I get paid way more money than I ever thought I'd make doing something I enjoy doing. Sure it's boring and/or annoying sometimes, but I'm happy and incredibly lucky overall. I get to travel and take nice vacations, I can afford anything I need and most of the things I really want. I can provide for my family, give my mom things she never would have been able to experience otherwise, donate to causes I really care about, and eventually give my children more opportunities than I had growing up.

Coming from a childhood where sometimes dinner was microwaved cheese slices I'm constantly amazed at how unbelievably lucky I am to be doing what I'm doing.

TooMuchAbstraction
Oct 14, 2012

My fingers are set to vibrate


Fun Shoe

comedyblissoption posted:

The answer for why people are so miserable, even workers in a relatively privileged job like software development, is that they essentially live in a dictatorship in the workplace. Someone else controls your life for ~40+ hours/week. Sure you get some autonomy, but your life is still under the auspices of someone else telling you what to do and deciding what to do with what you have produced.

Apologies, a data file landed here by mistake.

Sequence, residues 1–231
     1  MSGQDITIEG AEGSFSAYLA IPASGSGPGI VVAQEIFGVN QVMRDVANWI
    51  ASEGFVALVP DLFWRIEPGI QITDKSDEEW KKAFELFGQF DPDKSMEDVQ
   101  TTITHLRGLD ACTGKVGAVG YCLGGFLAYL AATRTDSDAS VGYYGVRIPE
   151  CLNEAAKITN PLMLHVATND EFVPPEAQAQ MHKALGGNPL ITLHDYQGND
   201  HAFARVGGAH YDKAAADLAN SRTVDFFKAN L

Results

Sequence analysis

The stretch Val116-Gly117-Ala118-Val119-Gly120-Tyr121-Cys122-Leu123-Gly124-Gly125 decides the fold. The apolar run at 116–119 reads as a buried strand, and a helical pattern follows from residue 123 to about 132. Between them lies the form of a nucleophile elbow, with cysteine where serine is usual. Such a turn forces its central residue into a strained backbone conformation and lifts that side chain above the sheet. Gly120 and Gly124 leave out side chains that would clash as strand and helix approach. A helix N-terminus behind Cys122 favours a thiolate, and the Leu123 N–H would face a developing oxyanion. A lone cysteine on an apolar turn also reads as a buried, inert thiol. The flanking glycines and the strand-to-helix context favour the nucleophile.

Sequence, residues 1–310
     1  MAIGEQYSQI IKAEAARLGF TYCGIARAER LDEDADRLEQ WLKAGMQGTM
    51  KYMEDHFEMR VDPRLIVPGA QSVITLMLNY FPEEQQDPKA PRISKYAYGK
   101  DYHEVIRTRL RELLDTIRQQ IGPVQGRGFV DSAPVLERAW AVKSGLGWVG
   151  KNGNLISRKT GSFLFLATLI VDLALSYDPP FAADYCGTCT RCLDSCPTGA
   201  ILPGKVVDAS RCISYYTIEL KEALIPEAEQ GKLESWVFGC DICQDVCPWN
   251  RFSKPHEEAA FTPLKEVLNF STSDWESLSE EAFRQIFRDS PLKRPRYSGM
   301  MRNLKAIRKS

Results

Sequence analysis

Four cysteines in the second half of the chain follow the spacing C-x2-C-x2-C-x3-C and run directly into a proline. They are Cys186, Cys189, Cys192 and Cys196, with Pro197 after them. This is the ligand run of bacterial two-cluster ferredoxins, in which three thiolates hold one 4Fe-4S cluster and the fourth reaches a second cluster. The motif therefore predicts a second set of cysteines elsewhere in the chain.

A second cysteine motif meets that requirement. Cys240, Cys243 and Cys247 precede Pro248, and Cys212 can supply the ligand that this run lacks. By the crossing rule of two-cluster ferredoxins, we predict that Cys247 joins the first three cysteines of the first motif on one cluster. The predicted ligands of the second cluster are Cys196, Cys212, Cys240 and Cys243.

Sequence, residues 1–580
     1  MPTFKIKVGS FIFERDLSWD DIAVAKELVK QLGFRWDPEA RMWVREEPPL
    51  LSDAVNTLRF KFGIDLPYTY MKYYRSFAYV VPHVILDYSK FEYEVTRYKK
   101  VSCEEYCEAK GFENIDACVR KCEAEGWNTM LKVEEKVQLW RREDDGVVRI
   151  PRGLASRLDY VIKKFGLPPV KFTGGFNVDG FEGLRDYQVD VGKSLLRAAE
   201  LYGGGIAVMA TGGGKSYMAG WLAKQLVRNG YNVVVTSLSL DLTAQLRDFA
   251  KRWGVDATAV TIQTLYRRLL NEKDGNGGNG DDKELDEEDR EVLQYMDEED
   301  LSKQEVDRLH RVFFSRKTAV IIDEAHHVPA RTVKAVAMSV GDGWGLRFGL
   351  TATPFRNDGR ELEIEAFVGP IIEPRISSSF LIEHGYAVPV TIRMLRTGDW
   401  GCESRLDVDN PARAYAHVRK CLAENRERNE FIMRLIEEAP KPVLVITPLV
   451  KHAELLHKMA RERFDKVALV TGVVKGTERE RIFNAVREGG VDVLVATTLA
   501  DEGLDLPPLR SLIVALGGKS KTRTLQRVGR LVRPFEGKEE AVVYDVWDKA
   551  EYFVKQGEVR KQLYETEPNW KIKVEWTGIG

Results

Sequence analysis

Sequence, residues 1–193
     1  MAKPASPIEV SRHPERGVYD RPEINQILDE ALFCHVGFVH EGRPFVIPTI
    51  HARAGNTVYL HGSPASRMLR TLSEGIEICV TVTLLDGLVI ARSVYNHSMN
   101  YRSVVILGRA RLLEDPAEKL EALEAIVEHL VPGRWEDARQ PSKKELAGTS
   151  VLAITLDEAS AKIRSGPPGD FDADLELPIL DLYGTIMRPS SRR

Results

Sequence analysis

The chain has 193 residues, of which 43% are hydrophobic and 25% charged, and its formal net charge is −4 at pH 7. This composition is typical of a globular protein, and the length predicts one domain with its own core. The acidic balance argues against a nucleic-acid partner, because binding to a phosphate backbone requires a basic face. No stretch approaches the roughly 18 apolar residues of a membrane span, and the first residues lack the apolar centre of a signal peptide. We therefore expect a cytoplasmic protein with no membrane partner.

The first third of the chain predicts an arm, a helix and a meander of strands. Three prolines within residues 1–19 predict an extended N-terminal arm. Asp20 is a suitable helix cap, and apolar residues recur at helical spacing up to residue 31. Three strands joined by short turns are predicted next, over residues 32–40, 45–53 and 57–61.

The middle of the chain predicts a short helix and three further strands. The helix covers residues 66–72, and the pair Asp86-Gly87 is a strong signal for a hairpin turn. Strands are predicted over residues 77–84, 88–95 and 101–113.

That may be the reason why you (think you) are miserable, but it's not gonna be the same for everyone else, not just because their work circumstances are different, but because they have different motivations and outlooks. What one person perceives as a dictatorship, another person sees as necessary teamwork, for example. I mean, I'm not saying that everything can be spun in a positive light; rear end in a top hat bosses are rear end in a top hat bosses. But you don't honestly believe that everyone has an rear end in a top hat boss, do you?

My hot take on this is that you can be miserable no matter how well-off you are, and part of life is learning what makes you happy and figuring out how best to achieve your own happiness. This isn't so much "you have to choose to be happy" so much as it is "you have the opportunity to pursue happiness, so loving take it". Why you would choose to stay in a situation that makes you miserable, when because of your background you have so many better options, is beyond me.

comedyblissoption
Mar 15, 2006

Is a saint not entitled to the skin of his foot?





TooMuchAbstraction posted:

That may be the reason why you (think you) are miserable, but it's not gonna be the same for everyone else, not just because their work circumstances are different, but because they have different motivations and outlooks. What one person perceives as a dictatorship, another person sees as necessary teamwork, for example. I mean, I'm not saying that everything can be spun in a positive light; rear end in a top hat bosses are rear end in a top hat bosses. But you don't honestly believe that everyone has an rear end in a top hat boss, do you?